She ran her tongue around her lips. “I’m a bad spy not to have thought about that. Let’s check the register.”

After their meal, Warbird and Raza found themselves before a strangely reserved manager, who was persuaded finally to show them a holoscreen readout of all who had checked in during the past few days. The Inn was a fairly large affair, and no less than twenty females were listed. 15 of them were humanoid. None were blue-skinned.

“Which proves nothing,” said Carol. “I’m sure the Kree have disguise technology that could make her purple with yellow spots, if they wanted.” She turned to the manager again. “Have any fairly tall, black-haired humanoid females registered in the last two days?”

“Several of them,” said the manager. “But their references all are impeccable, Captain Blaise.”

Carol smiled wryly. She was glad she’d given enough identifiers for Gladiator to figure out who she was, when he placed the call. But they might be enough for the Kree to track her down, too. “Show me,” she said.

“Well, there is, er, this one,” he said, pointing to a name. “And then, of course, this one. And this one right here, she’s another, I believe, though I’m not quite sure. And possibly this one.” He indicated the name Mysta Tren. Carol glanced at him, then at the list, then at him again. The body language he was giving her indicated that this Mysta Tren meant something to him more than the usual paying tenant.

“How do I contact these people?” said Carol.

Ch’ktheh blinked. “Well, you don’t, except in case of emergency. We have a strict privacy policy here at the Inn. One simply cannot...”

Raza took out a cloth and began to polish his sword, meaningfully.

“Of course, one could place a call to their rooms and see if they’d be willing to meet with you,” he said.

Carol nodded. “That’d work.”

As it was, one of the four was out, two others consented to let Carol see them by a viewscreen display and were eliminated as not being the right body type or features, even with a disguise. Mysta Tren refused all communication. Ch’ktheh couldn’t even testify that she was in her room, or on the premises.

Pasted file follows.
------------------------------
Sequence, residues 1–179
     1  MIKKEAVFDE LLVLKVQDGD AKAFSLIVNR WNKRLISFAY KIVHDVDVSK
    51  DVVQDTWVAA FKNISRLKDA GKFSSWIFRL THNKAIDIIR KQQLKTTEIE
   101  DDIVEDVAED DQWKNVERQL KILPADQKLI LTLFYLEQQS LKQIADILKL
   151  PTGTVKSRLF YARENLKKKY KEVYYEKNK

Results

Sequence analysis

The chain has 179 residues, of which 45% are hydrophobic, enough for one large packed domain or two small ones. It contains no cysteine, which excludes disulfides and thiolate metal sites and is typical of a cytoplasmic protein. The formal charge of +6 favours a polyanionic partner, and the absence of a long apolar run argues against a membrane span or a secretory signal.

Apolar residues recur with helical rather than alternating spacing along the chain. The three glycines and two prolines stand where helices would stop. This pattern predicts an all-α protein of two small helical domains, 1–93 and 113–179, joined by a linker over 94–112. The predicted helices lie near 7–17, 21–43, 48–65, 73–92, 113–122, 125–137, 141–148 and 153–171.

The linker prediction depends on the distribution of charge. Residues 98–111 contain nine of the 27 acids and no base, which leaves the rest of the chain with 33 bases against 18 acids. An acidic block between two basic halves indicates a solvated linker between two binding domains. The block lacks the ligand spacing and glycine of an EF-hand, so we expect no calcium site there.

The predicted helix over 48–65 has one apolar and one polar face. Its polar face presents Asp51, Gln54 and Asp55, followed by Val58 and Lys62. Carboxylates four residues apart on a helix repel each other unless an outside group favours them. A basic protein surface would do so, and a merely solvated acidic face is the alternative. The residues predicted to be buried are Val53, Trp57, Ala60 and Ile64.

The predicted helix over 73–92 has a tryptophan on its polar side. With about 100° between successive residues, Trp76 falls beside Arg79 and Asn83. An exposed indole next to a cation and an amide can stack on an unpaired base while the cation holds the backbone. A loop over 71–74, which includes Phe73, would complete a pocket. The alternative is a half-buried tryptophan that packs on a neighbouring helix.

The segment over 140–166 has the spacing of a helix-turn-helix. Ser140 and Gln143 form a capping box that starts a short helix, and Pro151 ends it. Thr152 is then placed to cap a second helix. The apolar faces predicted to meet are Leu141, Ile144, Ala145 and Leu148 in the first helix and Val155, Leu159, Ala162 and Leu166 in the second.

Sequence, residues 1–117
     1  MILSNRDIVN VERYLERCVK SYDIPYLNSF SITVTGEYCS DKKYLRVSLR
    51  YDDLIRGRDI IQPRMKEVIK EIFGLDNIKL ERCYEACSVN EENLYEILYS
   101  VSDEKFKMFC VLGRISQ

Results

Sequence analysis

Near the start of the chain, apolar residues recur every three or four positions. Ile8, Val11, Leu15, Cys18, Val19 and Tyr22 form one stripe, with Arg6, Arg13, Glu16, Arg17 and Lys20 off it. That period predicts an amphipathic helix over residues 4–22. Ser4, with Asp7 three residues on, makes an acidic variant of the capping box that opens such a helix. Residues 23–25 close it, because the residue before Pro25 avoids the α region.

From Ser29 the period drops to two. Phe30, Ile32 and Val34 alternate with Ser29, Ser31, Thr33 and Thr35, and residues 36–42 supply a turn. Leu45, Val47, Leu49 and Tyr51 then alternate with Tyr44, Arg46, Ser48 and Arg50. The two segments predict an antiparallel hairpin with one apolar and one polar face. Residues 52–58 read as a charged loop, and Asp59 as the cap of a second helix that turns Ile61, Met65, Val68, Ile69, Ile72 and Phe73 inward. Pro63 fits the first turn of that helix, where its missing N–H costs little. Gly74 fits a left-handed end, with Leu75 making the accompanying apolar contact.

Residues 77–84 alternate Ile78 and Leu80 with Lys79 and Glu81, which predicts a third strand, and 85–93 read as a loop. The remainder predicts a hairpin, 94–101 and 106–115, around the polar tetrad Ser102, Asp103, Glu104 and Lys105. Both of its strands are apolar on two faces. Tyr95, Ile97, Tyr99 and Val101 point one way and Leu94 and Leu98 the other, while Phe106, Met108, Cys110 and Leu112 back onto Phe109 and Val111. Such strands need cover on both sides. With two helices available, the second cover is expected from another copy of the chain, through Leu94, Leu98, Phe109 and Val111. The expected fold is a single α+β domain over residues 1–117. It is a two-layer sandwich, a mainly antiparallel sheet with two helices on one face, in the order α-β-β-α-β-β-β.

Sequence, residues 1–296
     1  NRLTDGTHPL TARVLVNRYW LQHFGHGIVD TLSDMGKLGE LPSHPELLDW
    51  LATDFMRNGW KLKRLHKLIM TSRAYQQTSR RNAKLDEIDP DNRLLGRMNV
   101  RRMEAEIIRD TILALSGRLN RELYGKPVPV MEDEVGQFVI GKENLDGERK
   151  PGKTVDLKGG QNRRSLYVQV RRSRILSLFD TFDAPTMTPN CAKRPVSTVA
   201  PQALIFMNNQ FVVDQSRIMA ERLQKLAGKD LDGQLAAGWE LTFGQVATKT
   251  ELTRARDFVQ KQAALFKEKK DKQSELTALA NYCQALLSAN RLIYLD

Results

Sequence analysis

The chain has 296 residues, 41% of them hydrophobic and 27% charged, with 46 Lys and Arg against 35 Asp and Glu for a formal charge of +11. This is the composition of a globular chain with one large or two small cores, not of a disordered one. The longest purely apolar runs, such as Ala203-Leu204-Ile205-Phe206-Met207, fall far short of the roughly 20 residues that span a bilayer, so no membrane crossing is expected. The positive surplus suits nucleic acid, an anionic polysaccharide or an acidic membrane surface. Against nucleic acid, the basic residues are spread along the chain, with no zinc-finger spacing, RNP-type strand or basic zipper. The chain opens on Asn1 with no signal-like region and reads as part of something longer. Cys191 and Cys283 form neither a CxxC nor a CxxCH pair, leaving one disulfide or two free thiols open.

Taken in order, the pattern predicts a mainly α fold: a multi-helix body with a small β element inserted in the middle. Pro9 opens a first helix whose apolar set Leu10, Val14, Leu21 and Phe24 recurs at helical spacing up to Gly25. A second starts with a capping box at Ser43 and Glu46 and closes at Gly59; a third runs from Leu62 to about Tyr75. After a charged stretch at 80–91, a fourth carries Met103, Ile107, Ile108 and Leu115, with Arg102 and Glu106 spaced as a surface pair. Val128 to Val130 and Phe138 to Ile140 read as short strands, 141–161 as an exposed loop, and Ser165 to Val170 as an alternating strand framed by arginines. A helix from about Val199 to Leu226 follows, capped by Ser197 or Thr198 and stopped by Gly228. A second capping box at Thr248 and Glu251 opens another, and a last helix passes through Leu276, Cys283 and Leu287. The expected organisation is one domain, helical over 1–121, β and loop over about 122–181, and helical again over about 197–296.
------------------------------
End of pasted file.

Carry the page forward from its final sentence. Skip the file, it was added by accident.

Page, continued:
Warbird looked at the blank screen meaningfully. “This Mysta Tren,” she said. “Any information you can give us?”

The manager looked a bit more at ease. “She’s an entertainer,” he said. “She’s booked to do a song-and-fleshdance act for us at dinner tonight.”

“Flashdance?” said Carol, unbelieving that an American movie would have made it out this far.

“No, fleshdance,” Ch’ktheh explained. “A dance of display.”

“Oh,” said Carol. “That kind of dance.”

“Thank you for your cooperation, sir,” said Raza, and sheathed his sword. The manager breathed a sigh of relief. Then Raza and Warbird left the room.

On their way back, Raza said, “We intend to see her dance tonight?”

Grimly, Carol said, “Wouldn’t miss it for the world.”

“So you’re just going to be sitting ducks for that Kree murderess?” asked Corsair in disbelief.

Carol’s voice came back to him on the communicator. “It’s risky, I know, Major. But she’s calling us out. It’s just too obvious. Tren is the only one she could be.”

“If so,” said Ch’od, standing behind Corsair, “why not avoid her? All you would have to do, apparently, is go somewhere else for evening meal.”

Raza’s was the next voice heard. “If we do not appear, Ch’od, we are cowards. But more than that, if she does not see us there, her wrath might be visited on the other patrons. Just to demonstrate what she would do if we tried to avoid her.”

Hepzibah said, “Know this, how do you?”

“It is what I would do,” said Raza. “In her position, that is.”

Carol said, “I don’t know that we can play keepaway this time, gang. But Raza and I aren’t exactly lightweights. I’d feel a lot better with you beside me, but you won’t be able to get here before tomorrow. I can take care of myself.”

“I sincerely hope you’re right about this, Carol,” said Corsair. “I don’t like taking unnecessary risks with my friends’ lives.”